Teaching Teens to Stay Safe Behind the Wheel

teenager learning to drive car Queener Law

Teen driving fatalities have been increasing in Tennessee and in the rest of the country, making it important for parents to teach their teens to drive safely. Teaching safe driving practices may help to save the lives of teens as well as those of others who are on the roads around them. Teen drivers have less experience than older drivers and are likelier to engage in risky behaviors. The widespread use of cell phones and apps has also contributed to the increase in accidents. There are several things that parents should keep in mind when they are teaching their teens to drive.

Why Are Teen Accidents Increasing?

Teen driving fatalities steadily declined from the middle part of the 1970s until about four years ago. Since that time, the number of teen driving fatalities has been increasing. Almost 3,000 teens are killed in motor vehicle accidents every year. One of the major contributing factors to the increase in teen driving fatalities is the use of cell phones and other electronic devices while the teens are driving. Using a cell phone while driving to text, talk, check social media, or use apps diverts the attention of teens away from the road. While their eyes are off of the road, the vehicles that they are driving can travel hundreds of feet. Since they are inexperienced drivers, they may not react the correct way to avoid collisions. Other issues that have contributed to the increase in accidents include driving while drunk, speeding, not wearing seatbelts, driving while they are drowsy, and driving with passengers in their vehicles.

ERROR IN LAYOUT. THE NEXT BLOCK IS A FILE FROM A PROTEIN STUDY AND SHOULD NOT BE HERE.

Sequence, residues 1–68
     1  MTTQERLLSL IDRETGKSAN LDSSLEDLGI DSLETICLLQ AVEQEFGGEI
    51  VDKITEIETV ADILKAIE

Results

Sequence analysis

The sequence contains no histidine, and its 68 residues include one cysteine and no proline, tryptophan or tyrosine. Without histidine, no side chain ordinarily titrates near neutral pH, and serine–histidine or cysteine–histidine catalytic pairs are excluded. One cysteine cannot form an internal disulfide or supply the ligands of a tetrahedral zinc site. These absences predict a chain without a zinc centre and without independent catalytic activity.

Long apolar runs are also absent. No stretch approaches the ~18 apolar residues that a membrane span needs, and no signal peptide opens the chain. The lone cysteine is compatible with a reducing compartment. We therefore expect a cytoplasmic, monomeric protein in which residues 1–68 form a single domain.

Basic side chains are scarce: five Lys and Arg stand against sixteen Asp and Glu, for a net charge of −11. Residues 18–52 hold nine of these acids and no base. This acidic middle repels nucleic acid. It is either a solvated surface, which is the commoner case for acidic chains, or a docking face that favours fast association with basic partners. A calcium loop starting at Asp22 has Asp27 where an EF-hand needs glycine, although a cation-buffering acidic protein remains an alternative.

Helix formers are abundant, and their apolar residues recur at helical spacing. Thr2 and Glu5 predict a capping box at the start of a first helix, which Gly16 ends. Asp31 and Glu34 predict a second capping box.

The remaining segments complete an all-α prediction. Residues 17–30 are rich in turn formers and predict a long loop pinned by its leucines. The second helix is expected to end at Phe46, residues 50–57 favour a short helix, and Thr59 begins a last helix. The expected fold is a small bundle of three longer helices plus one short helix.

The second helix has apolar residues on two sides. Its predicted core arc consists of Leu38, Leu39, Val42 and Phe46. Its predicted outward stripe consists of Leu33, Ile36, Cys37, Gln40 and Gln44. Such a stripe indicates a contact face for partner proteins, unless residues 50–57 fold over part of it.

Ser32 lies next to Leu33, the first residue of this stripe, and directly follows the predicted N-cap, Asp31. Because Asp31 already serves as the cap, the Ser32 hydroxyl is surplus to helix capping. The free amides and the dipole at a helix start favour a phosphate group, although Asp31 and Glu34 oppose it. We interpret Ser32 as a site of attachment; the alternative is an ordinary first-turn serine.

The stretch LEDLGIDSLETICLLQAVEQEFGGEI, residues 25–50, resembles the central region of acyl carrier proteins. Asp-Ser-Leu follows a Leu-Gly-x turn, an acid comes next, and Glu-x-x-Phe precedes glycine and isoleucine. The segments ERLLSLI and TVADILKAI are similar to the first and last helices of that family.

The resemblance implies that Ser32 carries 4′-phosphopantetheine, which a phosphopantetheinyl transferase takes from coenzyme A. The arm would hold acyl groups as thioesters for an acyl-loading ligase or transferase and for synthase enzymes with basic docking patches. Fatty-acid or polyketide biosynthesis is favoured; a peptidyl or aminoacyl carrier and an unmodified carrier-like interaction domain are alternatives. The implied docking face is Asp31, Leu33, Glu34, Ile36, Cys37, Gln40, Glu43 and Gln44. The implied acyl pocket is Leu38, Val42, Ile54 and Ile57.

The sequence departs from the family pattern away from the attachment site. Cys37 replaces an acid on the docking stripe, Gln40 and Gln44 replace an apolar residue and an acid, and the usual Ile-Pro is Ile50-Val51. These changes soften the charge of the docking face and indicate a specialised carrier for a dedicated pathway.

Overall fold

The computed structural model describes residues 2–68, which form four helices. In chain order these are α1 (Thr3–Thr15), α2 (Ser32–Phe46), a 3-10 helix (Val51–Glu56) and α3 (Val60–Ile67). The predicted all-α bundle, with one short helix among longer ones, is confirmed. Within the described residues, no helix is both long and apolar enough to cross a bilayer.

Teaching Teens to Drive Safely

Parents can help to prevent their teens from being involved in an accident by teaching them to drive safely at all times. It is a good idea for them to enroll their children in drivers’ education courses. Once they have completed these classes, the parents should regularly take them to practice driving. Parents should view the state’s required supervised driving hours as a minimum amount and should aim to teach them more. They should also model safe driving practices themselves by always wearing seatbelts, following speed limits, and not checking their cell phones while they drive. Teaching teens to drive safely may save their lives and those of others.